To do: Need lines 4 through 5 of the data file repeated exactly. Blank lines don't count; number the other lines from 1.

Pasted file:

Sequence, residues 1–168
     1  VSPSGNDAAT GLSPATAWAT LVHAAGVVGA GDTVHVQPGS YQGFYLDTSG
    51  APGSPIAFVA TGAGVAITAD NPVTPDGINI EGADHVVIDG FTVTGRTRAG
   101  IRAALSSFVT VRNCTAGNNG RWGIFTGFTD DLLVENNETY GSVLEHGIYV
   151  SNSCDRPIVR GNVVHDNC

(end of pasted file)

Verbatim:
   101  IRAALSSFVT VRNCTAGNNG RWGIFTGFTD DLLVENNETY GSVLEHGIYV
   151  SNSCDRPIVR GNVVHDNC